Kingston SSDNow V Series 40GB Desktop Upgrade Kit - Introduction and Build Continued



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Onto the specifications, first of all it’s worth pointing out that regardless of how good or fast the memory, controller or any other relevant bits used, SSDs with a capacity this small are never likely to match the theoretical performance maximum of their bigger cousins. This is because part of the speed advantage SSDs enjoy over traditional hard drives is due to their controllers allowing data to be recorded to all their flash modules simultaneously. In other words, one file can be divided into a large number of parts that can all be written at the same time. A smaller number of flash modules equals fewer parts, meaning you get lower overall performance.

However, though the Kingston 40GB’s quoted read speed of 170MB/s is hardly surprising, a write speed of 40MB/s is shockingly bad! In fact, that’s easily the worst quoted speed we’ve come across on a modern SSD. Consider, for example, that the even smaller 30GB version of OCZ’s mainstream Agility (of which we reviewed the 120GB model only last week) quotes read and write speeds of 185 and 100MB/s, respectively.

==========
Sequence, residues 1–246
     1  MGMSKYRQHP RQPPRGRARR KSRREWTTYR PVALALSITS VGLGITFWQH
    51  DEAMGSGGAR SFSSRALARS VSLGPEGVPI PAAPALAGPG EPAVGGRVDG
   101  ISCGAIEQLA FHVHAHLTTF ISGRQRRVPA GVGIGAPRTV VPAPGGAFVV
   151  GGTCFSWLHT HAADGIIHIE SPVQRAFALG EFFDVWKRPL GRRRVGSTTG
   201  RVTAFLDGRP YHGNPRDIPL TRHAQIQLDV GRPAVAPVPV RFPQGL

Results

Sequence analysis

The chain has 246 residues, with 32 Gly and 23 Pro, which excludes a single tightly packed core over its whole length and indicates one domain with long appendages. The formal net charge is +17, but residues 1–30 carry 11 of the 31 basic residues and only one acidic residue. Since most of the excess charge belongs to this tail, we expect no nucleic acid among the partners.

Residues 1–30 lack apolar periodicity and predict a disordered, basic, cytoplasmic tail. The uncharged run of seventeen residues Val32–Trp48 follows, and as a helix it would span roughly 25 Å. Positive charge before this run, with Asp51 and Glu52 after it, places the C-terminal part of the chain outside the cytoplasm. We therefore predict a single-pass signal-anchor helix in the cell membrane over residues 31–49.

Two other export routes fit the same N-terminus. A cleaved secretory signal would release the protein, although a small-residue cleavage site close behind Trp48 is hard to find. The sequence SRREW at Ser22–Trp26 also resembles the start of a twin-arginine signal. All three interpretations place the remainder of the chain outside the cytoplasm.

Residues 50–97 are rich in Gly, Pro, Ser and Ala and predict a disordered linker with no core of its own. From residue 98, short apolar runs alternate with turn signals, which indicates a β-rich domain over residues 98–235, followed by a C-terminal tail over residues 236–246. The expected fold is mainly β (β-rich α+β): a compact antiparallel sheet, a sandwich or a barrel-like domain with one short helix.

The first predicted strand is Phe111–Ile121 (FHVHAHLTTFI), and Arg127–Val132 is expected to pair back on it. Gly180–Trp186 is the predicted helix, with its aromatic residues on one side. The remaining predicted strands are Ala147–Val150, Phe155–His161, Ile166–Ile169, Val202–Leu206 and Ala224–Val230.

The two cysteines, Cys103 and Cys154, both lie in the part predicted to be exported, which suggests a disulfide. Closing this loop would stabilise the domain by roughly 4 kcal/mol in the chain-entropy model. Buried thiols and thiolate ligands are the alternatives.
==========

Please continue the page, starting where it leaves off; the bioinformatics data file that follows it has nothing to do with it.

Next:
So right now you might be thinking that the 40GB suffers these snail-like specifications thanks to a cheap, slow controller. In a rather more pleasant if no less controversial surprise this Kingston drive sports an Intel X25-M controller! In fact, this is essentially just a rebadged version of Intel’s latest drives. As such, as well as full TRIM support (for an explanation of which we refer you to our Patriot TorqX review), it should provide blazing performance. At least it would, had Kingston not removed so many of the memory chips. Still, the proof of the SSD is in the testing, so let’s get to it.

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